Eddie "Cleanhead" Vinson Biography

18 December 1917, Houston, Texas, USA, d. 2 July 1988, Los Angeles, California, USA. Taking up the alto saxophone as a child, his proficiency at the instrument attracted local band leaders even while young Vinson was still at school, and he began touring with Chester Boone’s territory band during school holidays. Upon his graduation in 1935, Vinson joined the band full-time, remaining when the outfit was taken over by Milton Larkins the following year. During his five-year tenure with the legendary Larkins band he met T-Bone Walker, Arnett Cobb, and Illinois Jacquet, who all played with Larkins in the late 30s. More importantly the band’s touring schedule brought Vinson into contact with ‘Big’ Bill Broonzy, who taught him how to shout the blues, and Jay ‘Hootie’ McShann’s Orchestra whose innovative young alto player, Charlie ‘Bird’ Parker, was ‘kidnapped’ by Vinson for several days in 1941 in order to study his technique.

After being discovered by Cootie Williams in late 1941, Vinson joined the Duke Ellington trumpeter’s new orchestra in New York City and made his recording debut for OKeh Records in April 1942, singing a solid blues vocal on ‘When My Baby Left Me’. With Williams’ orchestra, Vinson also recorded for Hit Records (1944), Capitol Records (1945) and appeared in a short film, Film-vodvil no 2 (1943), before leaving to form his own big band in late 1945 and recording for Mercury Records. At Mercury he recorded small-group bop and blasting band instrumentals, but his main output was the fine body of suggestive jump-blues sung in his unique wheezy Texas style. Hits such as ‘Juice Head Baby’, ‘Kidney Stew Blues’ and ‘Old Maid Boogie’ were the exceptions, however, as most of Vinson’s no-holds-barred songs, including ‘Some Women Do’, ‘Oil Man Blues’ and ‘Ever-Ready Blues’, were simply too raunchy for airplay.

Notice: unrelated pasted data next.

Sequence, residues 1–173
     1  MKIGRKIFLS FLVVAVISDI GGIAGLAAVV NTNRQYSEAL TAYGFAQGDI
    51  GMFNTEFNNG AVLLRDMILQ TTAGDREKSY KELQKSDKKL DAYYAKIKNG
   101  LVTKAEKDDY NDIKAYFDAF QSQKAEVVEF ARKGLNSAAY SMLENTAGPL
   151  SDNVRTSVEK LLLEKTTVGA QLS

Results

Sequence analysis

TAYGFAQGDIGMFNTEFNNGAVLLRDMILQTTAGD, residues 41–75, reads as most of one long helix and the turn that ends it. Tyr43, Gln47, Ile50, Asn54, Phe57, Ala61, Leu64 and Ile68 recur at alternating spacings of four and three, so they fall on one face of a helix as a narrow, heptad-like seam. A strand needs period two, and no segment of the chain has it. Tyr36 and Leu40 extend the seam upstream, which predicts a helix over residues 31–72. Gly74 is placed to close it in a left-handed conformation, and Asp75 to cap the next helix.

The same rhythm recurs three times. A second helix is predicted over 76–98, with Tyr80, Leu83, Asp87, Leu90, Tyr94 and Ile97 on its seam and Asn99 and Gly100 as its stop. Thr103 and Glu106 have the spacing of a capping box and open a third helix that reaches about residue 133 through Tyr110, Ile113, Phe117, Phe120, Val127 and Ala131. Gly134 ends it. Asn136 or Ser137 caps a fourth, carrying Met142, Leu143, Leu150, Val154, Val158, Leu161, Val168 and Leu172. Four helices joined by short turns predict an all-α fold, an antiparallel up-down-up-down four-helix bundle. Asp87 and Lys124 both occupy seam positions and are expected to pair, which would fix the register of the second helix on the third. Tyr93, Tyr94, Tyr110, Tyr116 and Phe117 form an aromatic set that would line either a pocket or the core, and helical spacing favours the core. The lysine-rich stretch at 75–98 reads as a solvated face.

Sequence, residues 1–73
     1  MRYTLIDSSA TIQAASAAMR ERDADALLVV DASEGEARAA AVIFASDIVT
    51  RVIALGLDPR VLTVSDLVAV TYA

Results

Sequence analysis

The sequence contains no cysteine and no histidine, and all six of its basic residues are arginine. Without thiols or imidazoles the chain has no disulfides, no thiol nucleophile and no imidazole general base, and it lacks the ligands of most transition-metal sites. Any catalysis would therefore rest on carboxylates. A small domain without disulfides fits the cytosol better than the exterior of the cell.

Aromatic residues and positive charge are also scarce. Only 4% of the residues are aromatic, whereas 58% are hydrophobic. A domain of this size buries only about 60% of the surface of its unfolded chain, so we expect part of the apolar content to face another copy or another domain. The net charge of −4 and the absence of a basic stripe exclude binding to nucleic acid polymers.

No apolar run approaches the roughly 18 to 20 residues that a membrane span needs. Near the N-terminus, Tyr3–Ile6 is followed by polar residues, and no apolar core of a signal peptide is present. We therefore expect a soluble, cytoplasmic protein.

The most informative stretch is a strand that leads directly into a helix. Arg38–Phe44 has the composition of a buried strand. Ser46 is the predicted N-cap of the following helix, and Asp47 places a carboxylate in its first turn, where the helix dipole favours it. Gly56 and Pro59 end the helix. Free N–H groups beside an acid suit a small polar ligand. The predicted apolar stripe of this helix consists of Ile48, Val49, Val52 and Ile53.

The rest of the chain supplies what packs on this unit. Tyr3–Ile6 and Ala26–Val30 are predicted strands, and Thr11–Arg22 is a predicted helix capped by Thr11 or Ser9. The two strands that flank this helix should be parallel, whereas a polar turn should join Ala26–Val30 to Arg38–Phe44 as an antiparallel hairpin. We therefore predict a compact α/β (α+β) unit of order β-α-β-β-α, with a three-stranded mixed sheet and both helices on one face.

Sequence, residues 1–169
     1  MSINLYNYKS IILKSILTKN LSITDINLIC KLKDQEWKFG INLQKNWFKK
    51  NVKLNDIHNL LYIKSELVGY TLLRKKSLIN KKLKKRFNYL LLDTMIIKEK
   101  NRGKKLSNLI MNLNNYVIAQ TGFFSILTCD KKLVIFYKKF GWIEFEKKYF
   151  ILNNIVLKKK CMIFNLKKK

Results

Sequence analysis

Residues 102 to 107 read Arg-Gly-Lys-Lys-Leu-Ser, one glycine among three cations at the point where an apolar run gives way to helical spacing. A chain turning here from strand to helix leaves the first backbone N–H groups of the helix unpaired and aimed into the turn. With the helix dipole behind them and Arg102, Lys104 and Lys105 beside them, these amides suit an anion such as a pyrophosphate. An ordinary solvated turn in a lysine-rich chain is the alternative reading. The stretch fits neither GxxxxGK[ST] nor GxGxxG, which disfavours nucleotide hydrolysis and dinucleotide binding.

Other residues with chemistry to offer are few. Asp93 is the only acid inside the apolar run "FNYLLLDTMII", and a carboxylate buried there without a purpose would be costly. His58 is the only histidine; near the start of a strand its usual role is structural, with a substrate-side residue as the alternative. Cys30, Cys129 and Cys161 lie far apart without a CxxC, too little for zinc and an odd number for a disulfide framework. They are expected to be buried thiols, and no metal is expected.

After the 1948 union ban, Vinson began recording for King Records in a largely unchanged style (‘I’m Gonna Wind Your Clock’, ‘I’m Weak But Willing’, ‘Somebody Done Stole My Cherry Red’), often with all-star jazz units. However, his records were not promoted as well as King’s biggest R&B stars, such as Wynonie Harris and Roy Brown, and he left to return to Mercury in the early 50s, rejoining Cootie Williams’ small band briefly in the mid-50s. In 1957 he toured with Count Basie’s Orchestra and made some recordings with a small Basie unit for King’s jazz subsidiary, Bethlehem Records, after which he retired to Houston. In 1961 he was rediscovered by fellow-alto saxophonist Cannonball Adderley, and a fine album resulted on Riverside Records with the Adderley brothers’ small band. From then until his death in 1988 (of a heart attack), Vinson found full-time employment at worldwide jazz and blues festivals, a steady international touring schedule and dozens of credible albums on jazz and blues labels such as Black & Blue, Bluesway, Pablo, Muse and JSP.

Source: The Encyclopedia of Popular Music by Colin Larkin. Licensed from Muze.

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